Help! Simple electrics problem with under cupboard lighting

6 Mar 2008
Reaction score
United Kingdom
Hi, I'm new to this forum so please point me in the right direction. I never do DIY other than change a plug, fuse or lightbulb... (yes, I'm female) so I'd really appreciate your help.

The under cupboard lighting in one unit of my kitchen is not working (the rest are so there's no problem with the system). It is not a bust bulb as the same bulb happily works in the other unit when I tested it. I therefore think it's just a loose wire connection and the unit played up for about a month and a 'gentle' tap or knock would get the unit to light up, but now that doesn't even work.

I've unscrewed the unit out of the wall best I can (but only got a couple of inches of wire/lead) to take a look as I knew this wasn't too adventurous (or dangerous). All looks to be in place but at the end of the day I can't see how I can check the actual ends of the two wires which are held firm in a little white plastic housing (about 12mm x 9mm) where they would normally meet with the metal ends of the halogen light bulb were it inserted.

I'm thinking perhaps one of the wires isn't fully in place here, but I can't really see what's going on and there aren't any screws or obvious way to remove this housing - other than perhaps just trying to pull it off. There are two tiny 'windows' (like 1 or 2mm) on both sides which might just show the wires passing through as I can just about turn the unit to see some silver metal colour in there. Or is this some release mechanism if I were to somehow press down on the metal, would it slide the unit out?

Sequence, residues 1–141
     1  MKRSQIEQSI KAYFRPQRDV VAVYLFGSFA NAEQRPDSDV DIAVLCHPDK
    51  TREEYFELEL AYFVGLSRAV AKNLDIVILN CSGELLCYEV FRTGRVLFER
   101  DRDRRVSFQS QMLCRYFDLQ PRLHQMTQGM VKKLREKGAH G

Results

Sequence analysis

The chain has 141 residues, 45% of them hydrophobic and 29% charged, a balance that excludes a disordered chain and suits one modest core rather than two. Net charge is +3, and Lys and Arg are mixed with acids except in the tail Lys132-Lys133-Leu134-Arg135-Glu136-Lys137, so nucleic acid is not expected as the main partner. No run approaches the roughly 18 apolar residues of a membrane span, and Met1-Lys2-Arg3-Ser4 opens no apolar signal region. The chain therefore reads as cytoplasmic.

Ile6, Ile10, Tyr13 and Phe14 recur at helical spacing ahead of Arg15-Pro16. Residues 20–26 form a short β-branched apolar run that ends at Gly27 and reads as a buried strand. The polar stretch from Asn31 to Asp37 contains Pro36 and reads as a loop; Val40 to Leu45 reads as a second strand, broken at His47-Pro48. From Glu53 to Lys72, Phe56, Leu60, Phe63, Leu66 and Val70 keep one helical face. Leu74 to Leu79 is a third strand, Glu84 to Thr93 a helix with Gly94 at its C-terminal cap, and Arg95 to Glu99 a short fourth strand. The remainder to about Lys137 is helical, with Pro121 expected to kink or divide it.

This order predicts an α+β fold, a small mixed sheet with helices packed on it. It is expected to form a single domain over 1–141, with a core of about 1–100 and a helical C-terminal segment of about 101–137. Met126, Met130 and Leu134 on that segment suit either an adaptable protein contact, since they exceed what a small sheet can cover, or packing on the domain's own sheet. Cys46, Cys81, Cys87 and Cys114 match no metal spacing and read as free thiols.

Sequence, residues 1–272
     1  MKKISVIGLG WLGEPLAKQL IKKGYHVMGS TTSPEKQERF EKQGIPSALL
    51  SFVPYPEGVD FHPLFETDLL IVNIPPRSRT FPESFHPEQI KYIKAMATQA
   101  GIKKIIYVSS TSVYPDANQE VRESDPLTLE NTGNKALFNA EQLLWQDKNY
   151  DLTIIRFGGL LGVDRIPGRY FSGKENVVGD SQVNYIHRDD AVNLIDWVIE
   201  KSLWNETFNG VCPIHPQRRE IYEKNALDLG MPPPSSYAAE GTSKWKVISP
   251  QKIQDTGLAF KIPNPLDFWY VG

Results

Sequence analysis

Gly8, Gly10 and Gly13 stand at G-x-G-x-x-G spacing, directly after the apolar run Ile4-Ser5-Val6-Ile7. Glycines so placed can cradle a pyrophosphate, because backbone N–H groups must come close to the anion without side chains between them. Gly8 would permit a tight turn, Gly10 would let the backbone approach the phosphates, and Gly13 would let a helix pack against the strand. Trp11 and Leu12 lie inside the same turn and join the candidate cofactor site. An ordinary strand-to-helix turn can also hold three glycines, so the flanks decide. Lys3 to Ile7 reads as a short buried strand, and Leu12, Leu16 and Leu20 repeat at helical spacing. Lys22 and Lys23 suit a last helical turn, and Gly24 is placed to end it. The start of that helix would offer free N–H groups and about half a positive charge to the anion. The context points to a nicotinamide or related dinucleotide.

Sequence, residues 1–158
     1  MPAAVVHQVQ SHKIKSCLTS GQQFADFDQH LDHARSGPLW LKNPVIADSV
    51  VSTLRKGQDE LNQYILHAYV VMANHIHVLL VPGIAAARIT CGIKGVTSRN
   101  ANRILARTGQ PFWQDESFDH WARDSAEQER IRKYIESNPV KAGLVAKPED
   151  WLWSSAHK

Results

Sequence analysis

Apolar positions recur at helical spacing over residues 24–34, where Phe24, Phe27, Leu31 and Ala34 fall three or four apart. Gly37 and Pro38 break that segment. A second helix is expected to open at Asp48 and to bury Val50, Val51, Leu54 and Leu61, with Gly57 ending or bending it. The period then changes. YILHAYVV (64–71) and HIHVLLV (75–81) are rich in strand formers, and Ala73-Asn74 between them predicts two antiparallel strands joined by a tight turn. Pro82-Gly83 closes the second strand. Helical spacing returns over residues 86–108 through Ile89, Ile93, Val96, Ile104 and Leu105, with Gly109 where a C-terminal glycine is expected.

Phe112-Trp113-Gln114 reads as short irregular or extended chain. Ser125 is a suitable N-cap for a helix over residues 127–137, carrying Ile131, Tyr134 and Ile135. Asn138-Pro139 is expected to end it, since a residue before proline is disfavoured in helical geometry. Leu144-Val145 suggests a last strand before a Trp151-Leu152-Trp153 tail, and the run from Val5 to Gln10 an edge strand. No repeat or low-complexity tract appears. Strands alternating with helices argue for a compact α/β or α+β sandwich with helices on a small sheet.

I admit I am a clueless housewife... but it seems ridiculous to call out an electrician to fix what I'm sure is a very simple, two-minute job.

Can anyone help? Thanks...
Sponsored Links
A picture paints a thousand words.

You could try pushing the wires into the terminations as some are merely push fit connectors.
Post a picture and we may be able to advise further.
I'm sure this is nothing more tricky than putting on a plug... but it's all so tiny and fiddly I can't really see how it all fits together!!

The plastic housing is just where the two wires are held in place in order to meet the two metal pins of the halogen light bulb. I'm sure this has a bog standard name, something like an electrical port connector or electrical port cover... (but I'm just guessing about that, perhaps that's something completely different!!)

There doesn't seem to be any easy push/pull system. The two wires seem completely fixed in there somehow.

It really does look like one of the wires has just come loose by a couple of mm out of its metal connector in the plastic housing so that the power connection cannot be made.

It's just like a plug with a loose wire... but only the size of a pea! I just can't access the blimin thing to put the wire in place properly and screw it back together - as there are no screws!

It takes a 12V 20watt bulb. The light switch is off. Aren't I pretty safe from any nasty shocks - even with the mains still on?

I've disassembled 9 parts of a light fitting with five screws to try and sort out a loose connection in a part that can't be disassembled! I hope I can put it all back together again...

I would post an image but there doesn't seem to be a way to attach images here. The <help> function says to email them to the site administrator... then waffles on about only linking from a public web server??

Why can't anything just be easy...
Sponsored Links
It sounds like a small low voltage lampholder, the wires are sometimes crimped in and not removable, but you can sometimes buy them with the leads fitted,

They seem to be the G4 size I think there called, and there is a 5.3 size i think which is for bigger lamps you just remove and connect the wires at the other end if possible.